Oscar: That is correct, despite the strong gains so far this year, and the increasing volume of fearful investors, I’ve been happy to hold shares as this ETF climbs higher.

BH: This particular ETF includes some individual stocks with amazing momentum. For example, it holds some (JD) (the online direct sales company) and Alibaba (BABA) (the online mobile commerce company). If you think US names like Amazon (AMZN) have been hot this year (+30.8%), it is boring compared to (+53.9%) and Alibaba (+103.6%).

Oscar: I invest in momentum, my holding period is only six weeks on average, I rotate to something better when I’m ready to exit, and I use stops to control risks. And CHIQ is attractive right now.

BH: I respect your approach and your track record of success, but have you considered the potential volatility? When these types of stocks fall, they can fall hard.

Oscar: That’s why I’m invested in a basket of stocks through this ETF instead of individual names. CHIQ holds 39 stocks. Plus, as I mentioned, I use stops to manage risk, and I’ll rotate to something else when it’s time to exit.

BH: Well – I like the idea of having some exposure to emerging markets, and this is certainly one way to do that.


There are literally thousands of stocks to choose from. And unless you have an army of researchers, it’s not realistic to do a deep dive analysis of every single one. Further, mistakes are often made depending on the varying levels of objectivity versus subjectivity of the individual researchers within your army. That’s why many traders use computer programs and screening models to objectively sift the universe and narrow their focus. We’ve developed our models to focus on the opportunities that are most attractive to us, and we’ve been having a lot of success with them. Nonetheless, we acknowledge there are a wide variety of attractive methodologies to sift the universe depending on your individual style and preference.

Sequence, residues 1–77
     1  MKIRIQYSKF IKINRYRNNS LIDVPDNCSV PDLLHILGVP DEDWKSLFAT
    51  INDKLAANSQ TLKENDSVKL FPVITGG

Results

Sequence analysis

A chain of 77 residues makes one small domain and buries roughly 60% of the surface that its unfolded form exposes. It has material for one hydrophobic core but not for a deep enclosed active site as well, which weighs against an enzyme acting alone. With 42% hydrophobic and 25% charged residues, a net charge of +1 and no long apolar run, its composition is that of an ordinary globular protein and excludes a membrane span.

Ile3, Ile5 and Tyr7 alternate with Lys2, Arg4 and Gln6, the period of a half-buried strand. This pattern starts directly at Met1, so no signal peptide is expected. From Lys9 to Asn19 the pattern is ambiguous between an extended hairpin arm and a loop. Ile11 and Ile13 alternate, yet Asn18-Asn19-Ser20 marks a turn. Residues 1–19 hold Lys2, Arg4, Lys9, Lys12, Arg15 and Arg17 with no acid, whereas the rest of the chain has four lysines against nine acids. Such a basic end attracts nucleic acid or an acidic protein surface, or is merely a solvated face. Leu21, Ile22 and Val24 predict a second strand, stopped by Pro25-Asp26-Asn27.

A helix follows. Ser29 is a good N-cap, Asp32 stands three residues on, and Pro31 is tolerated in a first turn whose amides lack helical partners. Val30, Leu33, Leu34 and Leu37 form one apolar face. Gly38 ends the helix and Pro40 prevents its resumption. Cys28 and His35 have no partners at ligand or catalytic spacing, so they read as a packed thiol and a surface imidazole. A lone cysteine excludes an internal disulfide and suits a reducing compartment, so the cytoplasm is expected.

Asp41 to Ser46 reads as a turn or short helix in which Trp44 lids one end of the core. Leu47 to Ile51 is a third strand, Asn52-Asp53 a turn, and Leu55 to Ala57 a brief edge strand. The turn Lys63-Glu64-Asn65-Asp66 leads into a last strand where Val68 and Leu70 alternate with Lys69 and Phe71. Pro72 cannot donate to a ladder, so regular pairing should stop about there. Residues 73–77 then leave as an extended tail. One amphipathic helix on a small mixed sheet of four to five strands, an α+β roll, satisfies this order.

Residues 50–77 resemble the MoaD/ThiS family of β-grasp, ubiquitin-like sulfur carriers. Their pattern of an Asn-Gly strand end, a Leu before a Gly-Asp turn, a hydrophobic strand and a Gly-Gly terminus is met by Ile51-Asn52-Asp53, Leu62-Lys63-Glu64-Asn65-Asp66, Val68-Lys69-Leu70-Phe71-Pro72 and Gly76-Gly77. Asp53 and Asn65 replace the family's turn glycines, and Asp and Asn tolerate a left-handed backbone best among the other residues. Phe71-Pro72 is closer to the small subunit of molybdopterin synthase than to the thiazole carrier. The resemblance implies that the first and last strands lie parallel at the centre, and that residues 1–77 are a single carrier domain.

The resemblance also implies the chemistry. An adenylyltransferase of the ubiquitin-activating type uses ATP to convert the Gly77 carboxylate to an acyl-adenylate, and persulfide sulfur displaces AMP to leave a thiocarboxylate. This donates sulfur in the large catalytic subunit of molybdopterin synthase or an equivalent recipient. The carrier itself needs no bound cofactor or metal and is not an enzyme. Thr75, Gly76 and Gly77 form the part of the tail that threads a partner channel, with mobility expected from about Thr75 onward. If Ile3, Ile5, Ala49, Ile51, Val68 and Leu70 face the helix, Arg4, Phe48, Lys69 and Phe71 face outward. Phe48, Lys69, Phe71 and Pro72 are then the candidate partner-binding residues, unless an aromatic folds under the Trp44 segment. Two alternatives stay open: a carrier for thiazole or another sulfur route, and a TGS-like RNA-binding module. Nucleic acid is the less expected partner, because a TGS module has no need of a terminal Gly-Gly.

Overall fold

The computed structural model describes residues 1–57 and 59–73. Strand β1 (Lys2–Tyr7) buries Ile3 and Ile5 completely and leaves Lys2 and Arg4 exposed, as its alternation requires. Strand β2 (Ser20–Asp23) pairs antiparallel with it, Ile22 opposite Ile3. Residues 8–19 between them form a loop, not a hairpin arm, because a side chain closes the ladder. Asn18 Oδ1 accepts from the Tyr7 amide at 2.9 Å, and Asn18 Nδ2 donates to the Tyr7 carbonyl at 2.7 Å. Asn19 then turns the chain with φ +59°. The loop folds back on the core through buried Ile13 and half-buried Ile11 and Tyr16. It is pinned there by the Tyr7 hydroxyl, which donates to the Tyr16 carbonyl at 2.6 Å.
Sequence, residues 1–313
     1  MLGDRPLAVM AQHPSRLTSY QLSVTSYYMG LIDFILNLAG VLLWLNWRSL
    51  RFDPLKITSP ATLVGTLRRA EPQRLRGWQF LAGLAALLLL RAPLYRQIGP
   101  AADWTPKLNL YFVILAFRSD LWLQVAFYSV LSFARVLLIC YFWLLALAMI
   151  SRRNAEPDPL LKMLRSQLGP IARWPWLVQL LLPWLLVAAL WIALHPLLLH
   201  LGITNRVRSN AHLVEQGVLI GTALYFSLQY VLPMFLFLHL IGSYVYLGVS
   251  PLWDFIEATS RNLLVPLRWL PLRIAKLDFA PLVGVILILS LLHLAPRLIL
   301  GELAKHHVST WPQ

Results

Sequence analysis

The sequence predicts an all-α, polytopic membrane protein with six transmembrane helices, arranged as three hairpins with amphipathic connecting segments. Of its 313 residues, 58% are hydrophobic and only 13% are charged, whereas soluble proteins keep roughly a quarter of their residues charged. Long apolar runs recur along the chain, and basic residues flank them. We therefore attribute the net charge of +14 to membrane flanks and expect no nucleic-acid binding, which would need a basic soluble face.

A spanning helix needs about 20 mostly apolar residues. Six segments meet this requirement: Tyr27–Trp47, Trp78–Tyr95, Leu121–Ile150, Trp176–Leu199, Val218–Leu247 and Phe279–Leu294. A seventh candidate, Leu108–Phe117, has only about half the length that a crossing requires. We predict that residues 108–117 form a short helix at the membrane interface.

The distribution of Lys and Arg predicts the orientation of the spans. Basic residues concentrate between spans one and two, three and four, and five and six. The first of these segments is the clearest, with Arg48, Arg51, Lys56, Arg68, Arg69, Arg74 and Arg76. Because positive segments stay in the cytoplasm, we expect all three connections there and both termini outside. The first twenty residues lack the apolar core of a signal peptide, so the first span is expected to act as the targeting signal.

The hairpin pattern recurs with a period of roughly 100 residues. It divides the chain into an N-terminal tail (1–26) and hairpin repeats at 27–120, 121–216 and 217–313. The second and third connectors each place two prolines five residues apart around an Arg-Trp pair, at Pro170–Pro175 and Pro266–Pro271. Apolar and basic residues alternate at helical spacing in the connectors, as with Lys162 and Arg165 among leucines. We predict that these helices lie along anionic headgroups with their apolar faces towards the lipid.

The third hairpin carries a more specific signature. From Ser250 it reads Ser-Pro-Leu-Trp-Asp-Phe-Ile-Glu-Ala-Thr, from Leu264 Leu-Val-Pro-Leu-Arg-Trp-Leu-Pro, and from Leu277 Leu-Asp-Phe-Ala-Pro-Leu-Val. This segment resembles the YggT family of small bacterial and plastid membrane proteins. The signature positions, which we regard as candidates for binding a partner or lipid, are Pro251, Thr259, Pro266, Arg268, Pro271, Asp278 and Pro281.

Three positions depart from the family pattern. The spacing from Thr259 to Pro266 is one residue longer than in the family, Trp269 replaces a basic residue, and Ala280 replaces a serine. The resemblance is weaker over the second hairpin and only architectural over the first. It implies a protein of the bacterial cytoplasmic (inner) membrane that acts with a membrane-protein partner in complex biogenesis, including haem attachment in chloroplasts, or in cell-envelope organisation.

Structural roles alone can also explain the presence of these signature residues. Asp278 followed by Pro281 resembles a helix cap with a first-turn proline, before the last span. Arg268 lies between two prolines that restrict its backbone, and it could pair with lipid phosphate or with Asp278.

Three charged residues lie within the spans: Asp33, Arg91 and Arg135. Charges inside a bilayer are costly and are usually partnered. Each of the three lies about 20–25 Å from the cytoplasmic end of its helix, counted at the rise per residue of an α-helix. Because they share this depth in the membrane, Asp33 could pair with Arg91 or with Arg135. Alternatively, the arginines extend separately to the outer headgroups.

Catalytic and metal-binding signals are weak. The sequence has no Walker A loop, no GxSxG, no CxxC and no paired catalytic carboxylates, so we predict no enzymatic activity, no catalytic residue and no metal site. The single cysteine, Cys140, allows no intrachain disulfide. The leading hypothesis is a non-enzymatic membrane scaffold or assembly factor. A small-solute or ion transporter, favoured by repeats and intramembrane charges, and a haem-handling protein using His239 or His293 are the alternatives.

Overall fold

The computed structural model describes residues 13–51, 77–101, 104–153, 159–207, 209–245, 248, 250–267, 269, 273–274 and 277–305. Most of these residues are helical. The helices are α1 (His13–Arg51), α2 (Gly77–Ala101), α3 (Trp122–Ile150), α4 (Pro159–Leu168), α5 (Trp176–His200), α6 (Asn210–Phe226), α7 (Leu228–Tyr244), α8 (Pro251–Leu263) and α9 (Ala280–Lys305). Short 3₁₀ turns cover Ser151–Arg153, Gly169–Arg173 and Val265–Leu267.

Background on the Stock Exchange

Each week, Felix and Oscar host a poker game for some of their friends. Since they are all traders, they love to discuss their best current ideas before the game starts. They like to call this their “Stock Exchange.” (Check it out  for more background). Their methods are excellent, as you know if you have been following the series. Since the time frames and risk profiles differ, so do the stock ideas. You get to be a fly on the wall from my report. I am usually the only human present and the only one using any fundamental analysis.

The result? Several expert ideas each week from traders, and a brief comment on the fundamentals from the human investor. The models are named to make it easy to remember their trading personalities.

Getting Updates

We have a (free) service for subscribers of our Felix/Oscar update list. You can suggest three favorite stocks and sectors. Sign up with email to “etf at newarc dot com”. We keep a running list of all securities our readers recommend. The “favorite fifteen” are top ranking positions according to each respective model. Within that list, green is a “buy,” yellow a “hold,” and red a “sell.” Suggestions and comments are welcome. Please remember that these are responses to reader requests, not necessarily stocks and sectors that we own. Sign up now to vote your favorite stock or sector onto the list!